Precisely 451 years after the June 19, 1566, birth of King James I of England, one achievement of his reign still stands above the rest: the 1611 English translation of the Old and New Testaments that bears his name. The King James Bible, one of the most printed books ever, transformed the English language, coining everyday phrases like “the root of all evil.”
But what motivated James to authorize the project?
He inherited a contentious religious situation. Just about 50 years before he came to power, Queen Elizabeth I’s half-sister, Queen Mary I (“Bloody Mary”), a Catholic, had executed nearly 250 Protestants during her short reign. Elizabeth, as Queen, affirmed the legitimacy of her father Henry VIII’s Anglican Church but maintained a settlement by which Protestants and Puritans were allowed to practice their own varieties of the religion. The Anglican Church was thus under attack from Puritans and Calvinists seeking to do away with bishops and their hierarchy. Eventually, in the 1640s, these bitter disputes would become catalysts of the English Civil War. But during James’ reign, they were expressed in a very different forum: translation.
Translations of ancient texts exploded in the 15th century. Scholars in Italy, Holland, and elsewhere perfected the Latin of Cicero and learned Greek and Hebrew. The “rediscovery” of these languages and the advent of printing allowed access to knowledge not only secular (the pagan Classics) but also sacred (the Bible in its original languages). The new market for translated texts created an urgent demand for individuals capable of reading the ancient languages. Its fulfillment was nowhere better seen than in the foundation at Oxford University in 1517, by one of Henry VIII’s personal advisors, of Corpus Christi College — the first Renaissance institution in Oxford, whose trilingual holdings of manuscripts in Latin, Greek, and Hebrew Erasmus himself celebrated. At the same time, Protestant scholars used their new learning to render the Bible into common tongues, meant to give people a more direct relationship with God. The result, in England, was the publication of translations starting with William Tyndale’s 1526 Bible and culminating in the so-called “Geneva Bible” completed by Calvinists whom Queen Mary had exiled to Switzerland.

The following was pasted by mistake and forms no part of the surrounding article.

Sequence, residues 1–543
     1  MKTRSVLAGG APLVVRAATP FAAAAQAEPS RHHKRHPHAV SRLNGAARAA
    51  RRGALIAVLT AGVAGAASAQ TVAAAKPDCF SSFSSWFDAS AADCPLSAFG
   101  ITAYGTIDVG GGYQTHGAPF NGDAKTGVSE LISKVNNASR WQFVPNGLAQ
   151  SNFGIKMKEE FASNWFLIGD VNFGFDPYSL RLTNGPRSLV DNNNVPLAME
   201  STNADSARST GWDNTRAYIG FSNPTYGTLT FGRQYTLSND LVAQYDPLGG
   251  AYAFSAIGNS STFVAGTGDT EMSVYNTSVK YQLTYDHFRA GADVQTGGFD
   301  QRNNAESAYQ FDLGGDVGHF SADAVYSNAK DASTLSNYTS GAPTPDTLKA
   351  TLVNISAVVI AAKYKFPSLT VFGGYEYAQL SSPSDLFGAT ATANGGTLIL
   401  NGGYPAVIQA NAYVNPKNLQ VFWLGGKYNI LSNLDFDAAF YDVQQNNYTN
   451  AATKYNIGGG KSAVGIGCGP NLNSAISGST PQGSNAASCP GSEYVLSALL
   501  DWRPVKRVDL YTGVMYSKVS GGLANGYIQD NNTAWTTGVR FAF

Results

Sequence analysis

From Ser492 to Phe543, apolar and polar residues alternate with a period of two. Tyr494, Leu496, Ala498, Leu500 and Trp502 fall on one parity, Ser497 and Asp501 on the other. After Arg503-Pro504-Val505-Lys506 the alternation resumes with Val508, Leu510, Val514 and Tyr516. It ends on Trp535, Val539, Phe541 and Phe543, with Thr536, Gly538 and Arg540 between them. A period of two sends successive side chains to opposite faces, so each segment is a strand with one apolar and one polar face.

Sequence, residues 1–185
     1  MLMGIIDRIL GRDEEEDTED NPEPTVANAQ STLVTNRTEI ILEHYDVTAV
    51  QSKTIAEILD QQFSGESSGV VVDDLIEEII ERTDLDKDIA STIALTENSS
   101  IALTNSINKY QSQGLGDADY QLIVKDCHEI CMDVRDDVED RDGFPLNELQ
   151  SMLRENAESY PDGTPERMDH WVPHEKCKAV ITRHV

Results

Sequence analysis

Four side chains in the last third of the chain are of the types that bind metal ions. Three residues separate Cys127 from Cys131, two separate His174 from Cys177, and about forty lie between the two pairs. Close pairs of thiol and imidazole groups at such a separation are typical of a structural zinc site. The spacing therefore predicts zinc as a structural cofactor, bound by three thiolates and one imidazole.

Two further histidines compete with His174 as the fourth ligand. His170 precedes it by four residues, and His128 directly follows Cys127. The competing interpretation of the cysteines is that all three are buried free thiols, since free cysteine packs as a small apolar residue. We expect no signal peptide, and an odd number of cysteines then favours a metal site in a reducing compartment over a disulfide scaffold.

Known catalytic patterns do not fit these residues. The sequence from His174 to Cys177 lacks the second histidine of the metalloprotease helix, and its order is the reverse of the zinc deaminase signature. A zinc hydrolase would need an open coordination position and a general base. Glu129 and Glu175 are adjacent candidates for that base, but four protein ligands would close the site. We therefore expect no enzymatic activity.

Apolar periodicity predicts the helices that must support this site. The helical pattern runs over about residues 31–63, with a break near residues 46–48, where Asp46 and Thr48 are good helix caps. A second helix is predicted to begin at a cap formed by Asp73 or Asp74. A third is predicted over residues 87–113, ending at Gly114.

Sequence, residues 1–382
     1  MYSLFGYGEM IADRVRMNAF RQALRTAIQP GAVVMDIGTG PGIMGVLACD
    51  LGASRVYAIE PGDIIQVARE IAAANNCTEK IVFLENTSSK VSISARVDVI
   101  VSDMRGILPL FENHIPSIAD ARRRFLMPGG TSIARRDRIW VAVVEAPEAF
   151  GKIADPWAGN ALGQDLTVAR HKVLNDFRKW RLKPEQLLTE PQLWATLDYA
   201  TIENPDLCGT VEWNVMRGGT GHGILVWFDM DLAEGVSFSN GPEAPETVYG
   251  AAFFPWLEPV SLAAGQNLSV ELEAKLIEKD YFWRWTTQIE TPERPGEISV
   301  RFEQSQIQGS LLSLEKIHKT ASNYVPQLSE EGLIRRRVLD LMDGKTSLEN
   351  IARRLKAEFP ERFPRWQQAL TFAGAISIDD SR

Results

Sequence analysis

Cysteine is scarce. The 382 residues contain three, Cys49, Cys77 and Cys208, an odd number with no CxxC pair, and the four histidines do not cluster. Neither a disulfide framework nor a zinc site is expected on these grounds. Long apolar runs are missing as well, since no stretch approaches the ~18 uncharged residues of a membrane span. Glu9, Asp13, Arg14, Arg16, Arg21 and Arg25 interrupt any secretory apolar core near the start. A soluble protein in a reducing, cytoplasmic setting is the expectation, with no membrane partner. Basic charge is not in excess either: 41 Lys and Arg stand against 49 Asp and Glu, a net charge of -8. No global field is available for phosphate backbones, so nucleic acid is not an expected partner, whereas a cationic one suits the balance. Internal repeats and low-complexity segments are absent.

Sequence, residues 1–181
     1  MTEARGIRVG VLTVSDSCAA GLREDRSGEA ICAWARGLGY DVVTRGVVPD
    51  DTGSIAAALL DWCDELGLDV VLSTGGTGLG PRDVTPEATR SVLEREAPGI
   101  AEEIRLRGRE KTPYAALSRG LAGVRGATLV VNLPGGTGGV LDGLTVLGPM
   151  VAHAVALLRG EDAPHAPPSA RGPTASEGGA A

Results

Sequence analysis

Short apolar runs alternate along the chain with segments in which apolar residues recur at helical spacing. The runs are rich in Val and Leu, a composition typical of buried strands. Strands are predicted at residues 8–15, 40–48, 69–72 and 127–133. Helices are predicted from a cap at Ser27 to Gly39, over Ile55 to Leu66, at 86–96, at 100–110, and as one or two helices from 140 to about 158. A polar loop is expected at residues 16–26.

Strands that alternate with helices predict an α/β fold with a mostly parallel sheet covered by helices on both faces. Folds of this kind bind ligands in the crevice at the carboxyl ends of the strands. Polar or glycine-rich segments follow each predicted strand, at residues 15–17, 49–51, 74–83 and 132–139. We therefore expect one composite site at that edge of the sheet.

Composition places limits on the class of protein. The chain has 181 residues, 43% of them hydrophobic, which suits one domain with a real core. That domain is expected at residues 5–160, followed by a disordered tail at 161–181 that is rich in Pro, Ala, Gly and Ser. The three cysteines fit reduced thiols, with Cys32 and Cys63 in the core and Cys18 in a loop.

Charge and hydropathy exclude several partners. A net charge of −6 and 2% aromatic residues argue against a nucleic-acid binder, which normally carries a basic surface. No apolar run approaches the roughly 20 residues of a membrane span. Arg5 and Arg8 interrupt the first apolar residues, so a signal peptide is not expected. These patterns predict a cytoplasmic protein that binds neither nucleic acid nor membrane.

This was the Bible most popular among reformers at the time of James’ accession. But its circulation threatened the Anglican bishops. Not only did the Geneva Bible supplant their translation (the co-called Bishops’ Bible), but it also appeared to challenge the primacy of secular rulers and the bishops’ authority. One of its scathing annotations compared the locusts of the Apocalypse to swarming hordes of “Prelates” dominating the Church. Others referred to the apostles and Christ himself as “holy fools,” an approving phrase meant to evoke their disdain for “all outward Pompe” in contrast to the supposed decadence of the Anglican and Catholic Churches.
In 1604, King James, himself a religious scholar who had re-translated some of the psalms, sought to unite these factions — and his people — through one universally accepted text. The idea was proposed at a conference of scholars at Hampton Court by a Puritan, John Rainolds, the seventh President of Corpus Christi College. Rainolds hoped that James would turn his face against the Bishops’ Bible, but his plan backfired when the King insisted that the new translation be based on it and condemned the “partial, untrue, seditious” notes of the Geneva translation.
Though disappointed, Rainolds pressed on and was charged with producing a translation of the Prophets. He set about his work with a committee in his rooms, still in daily use today, in Corpus Christi College, as five similar committees elsewhere rendered different books of the Bible. These scholars examined every word to determine the most felicitous turns of the phrase before sending their work to colleagues for confirmation. The process, which one historian called a progenitor to modern “peer-review,” lasted seven years. Rainolds, dying in 1607, never saw the publication of his great work four years later.
Organized to celebrate the quincentenary of Corpus Christi College (a secular institution in spite of its name), the new exhibition “500 Years of Treasures from Oxford” — now at Yeshiva University Museum at Manhattan’s Center for Jewish History — includes several Hebrew manuscripts almost certainly consulted by Rainolds and his colleagues, including one of the oldest commentaries by the great medieval rabbinical scholar, Rashi. A set of the translators’ own notes — one of only three surviving copies (seen above at left) — is also included. This precious text shows Greek, Latin, and English lines, revealing the detailed craft behind the King James Bible — a testament not only to the tireless endeavor of John Rainolds but to the importance of learning in one of humanity’s most prized religious works.